Solar PH to build more plants sans gov’t stimulus
Solar Philippines Power Project Holdings Inc. (Solar PH) is set to build three solar farms in Luzon and Mindanao to further promote renewable energy use.
CEO Leandro L. Leviste said the company would roll out a total of 228 megawatts (MW), which could still be expanded, beginning this year up to 2017. The first would be a 135-MW solar farm in Tarlac province, followed by an 18-MW facility in Cagayan de Oro and a
75-MW project in Batangas.
All three would not even be relying on the Feed-in-Tariff (FIT) program, which provides guaranteed returns for qualified investors seeking to recover costs for the still expensive solar energy production. “Those three solar farms will be built outside the FIT system and we envision the one in Tarlac to become the largest solar farm to run without FIT incentives. It would have a capacity of 135 MW in the initial phase, with room for expansion,” Leviste said.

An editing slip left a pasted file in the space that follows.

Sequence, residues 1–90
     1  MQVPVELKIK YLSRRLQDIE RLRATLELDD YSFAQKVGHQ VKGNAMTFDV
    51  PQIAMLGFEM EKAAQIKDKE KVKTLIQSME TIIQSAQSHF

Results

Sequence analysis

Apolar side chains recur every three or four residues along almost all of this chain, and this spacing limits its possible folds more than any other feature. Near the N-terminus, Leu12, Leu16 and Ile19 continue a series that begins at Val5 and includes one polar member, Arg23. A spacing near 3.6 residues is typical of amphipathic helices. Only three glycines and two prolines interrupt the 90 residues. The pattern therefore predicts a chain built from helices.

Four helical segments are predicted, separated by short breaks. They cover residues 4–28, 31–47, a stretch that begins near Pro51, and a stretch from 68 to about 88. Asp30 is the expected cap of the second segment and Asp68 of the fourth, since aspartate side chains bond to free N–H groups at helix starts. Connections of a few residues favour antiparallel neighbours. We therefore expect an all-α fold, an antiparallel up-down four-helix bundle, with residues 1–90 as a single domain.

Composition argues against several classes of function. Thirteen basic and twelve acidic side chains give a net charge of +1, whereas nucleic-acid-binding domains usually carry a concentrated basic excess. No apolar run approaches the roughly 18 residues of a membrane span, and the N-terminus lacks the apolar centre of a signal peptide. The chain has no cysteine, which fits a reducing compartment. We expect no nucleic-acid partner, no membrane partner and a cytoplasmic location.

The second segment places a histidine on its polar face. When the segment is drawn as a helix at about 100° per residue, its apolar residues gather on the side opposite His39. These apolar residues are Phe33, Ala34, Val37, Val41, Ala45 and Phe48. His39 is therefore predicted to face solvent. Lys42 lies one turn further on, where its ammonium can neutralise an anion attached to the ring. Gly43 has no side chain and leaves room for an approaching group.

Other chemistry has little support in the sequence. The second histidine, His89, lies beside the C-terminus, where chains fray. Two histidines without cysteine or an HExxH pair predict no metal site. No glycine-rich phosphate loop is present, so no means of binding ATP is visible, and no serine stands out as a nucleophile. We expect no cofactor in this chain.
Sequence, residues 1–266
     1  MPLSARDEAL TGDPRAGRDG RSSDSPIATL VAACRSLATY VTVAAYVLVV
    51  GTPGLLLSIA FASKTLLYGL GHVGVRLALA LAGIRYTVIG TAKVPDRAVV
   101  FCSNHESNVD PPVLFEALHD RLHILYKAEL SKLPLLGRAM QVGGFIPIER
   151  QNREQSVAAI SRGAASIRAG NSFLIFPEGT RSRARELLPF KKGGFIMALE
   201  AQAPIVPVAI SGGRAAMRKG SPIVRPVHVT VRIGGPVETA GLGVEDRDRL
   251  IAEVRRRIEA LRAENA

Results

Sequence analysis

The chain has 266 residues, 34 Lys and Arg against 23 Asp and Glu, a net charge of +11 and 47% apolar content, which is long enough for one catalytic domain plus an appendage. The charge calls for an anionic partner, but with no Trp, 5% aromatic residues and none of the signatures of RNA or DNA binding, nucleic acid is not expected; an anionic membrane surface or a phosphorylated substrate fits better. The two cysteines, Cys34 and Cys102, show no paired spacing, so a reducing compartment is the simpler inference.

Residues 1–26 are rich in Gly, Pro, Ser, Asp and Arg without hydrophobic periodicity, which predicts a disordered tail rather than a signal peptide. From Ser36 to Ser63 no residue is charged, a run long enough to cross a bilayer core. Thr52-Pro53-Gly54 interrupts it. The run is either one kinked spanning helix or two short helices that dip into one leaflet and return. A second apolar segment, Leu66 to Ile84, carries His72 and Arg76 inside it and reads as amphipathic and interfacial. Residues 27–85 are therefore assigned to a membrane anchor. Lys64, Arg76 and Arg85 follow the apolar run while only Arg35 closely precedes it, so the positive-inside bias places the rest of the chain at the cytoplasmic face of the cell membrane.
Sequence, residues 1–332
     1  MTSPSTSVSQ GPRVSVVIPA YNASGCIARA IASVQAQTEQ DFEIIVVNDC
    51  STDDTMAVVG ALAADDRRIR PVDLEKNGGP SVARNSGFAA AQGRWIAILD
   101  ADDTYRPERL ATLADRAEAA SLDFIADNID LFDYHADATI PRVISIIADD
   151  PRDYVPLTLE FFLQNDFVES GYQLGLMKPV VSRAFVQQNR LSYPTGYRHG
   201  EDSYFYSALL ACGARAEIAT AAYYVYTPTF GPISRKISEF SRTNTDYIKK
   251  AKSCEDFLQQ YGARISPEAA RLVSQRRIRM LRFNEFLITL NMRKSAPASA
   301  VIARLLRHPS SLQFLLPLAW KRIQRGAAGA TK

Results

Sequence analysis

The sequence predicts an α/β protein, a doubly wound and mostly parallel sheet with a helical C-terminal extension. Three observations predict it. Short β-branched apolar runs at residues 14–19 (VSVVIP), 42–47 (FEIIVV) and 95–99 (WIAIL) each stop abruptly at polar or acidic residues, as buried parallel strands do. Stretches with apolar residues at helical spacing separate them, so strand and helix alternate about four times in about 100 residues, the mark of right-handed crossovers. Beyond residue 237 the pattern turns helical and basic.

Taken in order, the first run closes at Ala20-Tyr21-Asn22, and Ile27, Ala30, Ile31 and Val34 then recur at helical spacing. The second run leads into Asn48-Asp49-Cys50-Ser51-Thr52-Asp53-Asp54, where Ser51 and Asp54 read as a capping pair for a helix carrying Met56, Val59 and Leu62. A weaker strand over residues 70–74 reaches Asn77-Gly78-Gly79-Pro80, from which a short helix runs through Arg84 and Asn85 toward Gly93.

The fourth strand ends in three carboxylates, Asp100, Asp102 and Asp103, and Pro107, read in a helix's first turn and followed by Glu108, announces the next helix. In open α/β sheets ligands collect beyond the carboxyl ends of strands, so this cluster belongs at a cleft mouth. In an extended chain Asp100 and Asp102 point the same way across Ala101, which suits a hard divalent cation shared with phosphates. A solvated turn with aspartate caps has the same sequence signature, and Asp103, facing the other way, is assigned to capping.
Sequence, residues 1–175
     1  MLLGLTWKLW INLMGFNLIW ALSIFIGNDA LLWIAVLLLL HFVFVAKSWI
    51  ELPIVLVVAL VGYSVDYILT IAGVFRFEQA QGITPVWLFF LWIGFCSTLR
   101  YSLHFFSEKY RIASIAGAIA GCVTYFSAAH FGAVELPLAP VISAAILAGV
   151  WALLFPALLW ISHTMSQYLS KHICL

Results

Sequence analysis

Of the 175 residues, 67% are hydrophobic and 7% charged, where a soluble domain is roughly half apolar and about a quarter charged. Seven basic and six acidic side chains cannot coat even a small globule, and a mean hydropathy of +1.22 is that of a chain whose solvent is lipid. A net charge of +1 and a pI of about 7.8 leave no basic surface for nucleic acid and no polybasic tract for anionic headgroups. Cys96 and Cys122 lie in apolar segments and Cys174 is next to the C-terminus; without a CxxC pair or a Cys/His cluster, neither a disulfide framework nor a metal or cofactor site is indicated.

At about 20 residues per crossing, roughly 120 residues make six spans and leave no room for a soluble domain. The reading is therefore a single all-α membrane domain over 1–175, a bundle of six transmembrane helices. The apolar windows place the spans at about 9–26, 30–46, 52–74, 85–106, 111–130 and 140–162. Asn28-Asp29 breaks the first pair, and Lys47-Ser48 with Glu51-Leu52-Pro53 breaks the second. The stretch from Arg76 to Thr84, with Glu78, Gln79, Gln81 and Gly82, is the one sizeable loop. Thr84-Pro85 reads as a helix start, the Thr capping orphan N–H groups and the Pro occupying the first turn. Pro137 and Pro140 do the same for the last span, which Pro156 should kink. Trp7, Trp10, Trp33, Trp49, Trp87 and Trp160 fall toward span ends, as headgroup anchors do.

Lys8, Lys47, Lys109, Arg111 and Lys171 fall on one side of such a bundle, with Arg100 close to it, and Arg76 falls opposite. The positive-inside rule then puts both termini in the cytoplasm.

The solar farms were seen to use panels manufactured by the factory that Solar PH would be building in Tanauan, Batangas, as part of efforts to make the solar power output more competitively priced.
“Our advocacy is to make solar power more accessible and affordable to consumers and edge out higher priced, dirty, 20th-century energy sources like oil, gas and coal. By showcasing the viability of solar power production without FIT, we can show that solar power is, right now, already cheaper than the alternatives,” Leviste said.
Solar PH has started procuring manufacturing equipment for its solar panel factory and would start setting up in the third quarter of 2016.
Leviste said the facility was expected to be one of the world’s largest solar panel factories and would help make the Philippines a global hub for solar power. The facility may start operating by the end of 2016.
The business headlines in under one minute
Subscribe to INQUIRER PLUS to get access to The Philippine Daily Inquirer & other 70+ titles, share up to 5 gadgets, listen to the news, download as early as 4am & share articles on social media. Call 896 6000.